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From queer taste to a tasty jam



Lemohang Rakotsoane


It is a fruit very few people like.

While it is part of the apple family, the quince, has a queer taste. It is knobbly and has an irregular shape.

When ripe it turns into a golden colour with a smooth skin.

But even when fully ripe, it still does not taste right, to most people.

It is no surprise that for most Basotho, the only use for the quince is to be used as a “weed” that is planted in dongas to fight soil erosion.

But for Palesa Teke, the quince is like the Biblical stone that was rejected by builders but which became the cornerstone of the house.

This is the fruit that Teke sees as her salvation in fighting the massive joblessness in Lesotho that currently stands at over 40 percent.

Teke, a fourth year Consumer Science student at the National University of Lesotho (NUL), says she has found a better use for the quince – manufacturing a tasty jam.

According to a website,, the quince hides something special – its unique aroma.

“If you leave a quince on a sunny windowsill it will slowly release a delicate fragrance of vanilla, citrus, and apple into your kitchen. It’s a heady, perfumed scent that is completely at odds with its appearance,” the website says.

It says if you peel a quince and hack it up, then cook it, those scents blossom into an indescribably wonderful perfume, and the fruit itself magically turns from yellowed white to a deep rosy pink.

When you stew quince in sugar and a little water or wine, it becomes not just edible but delicious and sweet.

Once the quince is cooked, it is soft and tender, usually with lovely syrup from the cooking process.

It can be eaten straight like this, or one can pour it over yogurt, or bake it into a tart, according to

Teke hopes to tap into the fruit’s positive and unknown qualities to make a delicious jam.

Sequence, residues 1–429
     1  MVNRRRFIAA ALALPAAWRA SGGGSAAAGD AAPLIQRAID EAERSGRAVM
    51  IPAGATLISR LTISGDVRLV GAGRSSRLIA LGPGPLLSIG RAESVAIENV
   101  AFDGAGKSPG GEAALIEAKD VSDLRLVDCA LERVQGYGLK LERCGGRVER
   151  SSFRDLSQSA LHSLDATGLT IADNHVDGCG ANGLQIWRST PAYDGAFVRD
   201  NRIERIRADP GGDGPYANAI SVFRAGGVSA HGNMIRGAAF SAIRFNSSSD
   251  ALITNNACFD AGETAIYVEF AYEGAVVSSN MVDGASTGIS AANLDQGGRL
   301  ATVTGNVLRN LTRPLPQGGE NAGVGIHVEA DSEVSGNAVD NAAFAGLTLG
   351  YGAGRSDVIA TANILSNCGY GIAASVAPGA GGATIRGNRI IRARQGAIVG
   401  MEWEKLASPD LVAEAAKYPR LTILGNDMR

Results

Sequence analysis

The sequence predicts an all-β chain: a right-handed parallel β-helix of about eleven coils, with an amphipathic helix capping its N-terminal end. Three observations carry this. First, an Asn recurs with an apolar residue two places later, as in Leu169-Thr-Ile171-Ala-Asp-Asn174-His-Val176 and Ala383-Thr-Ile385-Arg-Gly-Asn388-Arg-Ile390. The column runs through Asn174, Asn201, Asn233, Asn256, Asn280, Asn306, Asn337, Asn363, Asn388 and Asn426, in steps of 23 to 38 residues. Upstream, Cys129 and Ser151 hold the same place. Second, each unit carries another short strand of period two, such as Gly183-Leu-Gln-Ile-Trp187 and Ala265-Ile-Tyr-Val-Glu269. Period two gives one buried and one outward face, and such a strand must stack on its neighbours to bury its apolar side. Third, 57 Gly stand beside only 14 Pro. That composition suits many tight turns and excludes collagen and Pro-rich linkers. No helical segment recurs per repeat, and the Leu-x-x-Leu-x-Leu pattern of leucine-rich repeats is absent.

She is also making jam with cactus pear, commonly known as prickly pear.

“Unemployment is scary in this country and we have to think hard about what we can do to change the situation. I chose these two fruits because I saw an opportunity,” Teke says.

“They have not been explored and there is a lot that can be done with them.”

She believes the fruit can keep her away from joining the jobless heap after graduating from university.

“I took the normal recipe that Basotho women used and standardised in into a recipe that can be properly followed by anyone and to a consumable stage. I took many tests before I could get the correct measurements for the recipe.”

She adds that though more tests have been made to ensure that the product is safe they still have to make a nutritional test.

“We are just left with the nutritional tests but we already know that there is vitamin C, calcium and antioxidants. We just have to carry the tests to see the amounts left after cooking,” she says.

Teke’s hope is to see many Basotho viewing these fruits as a source of income.

“It is my hope that jobs will be created and we can grow cactus pear and koepere (quince) on a larger scale.”

thepost met Tekeat Pioneer Mall in Maseru last week during an exhibition by the National University of Lesotho where students were showcasing some of their innovative products and services.

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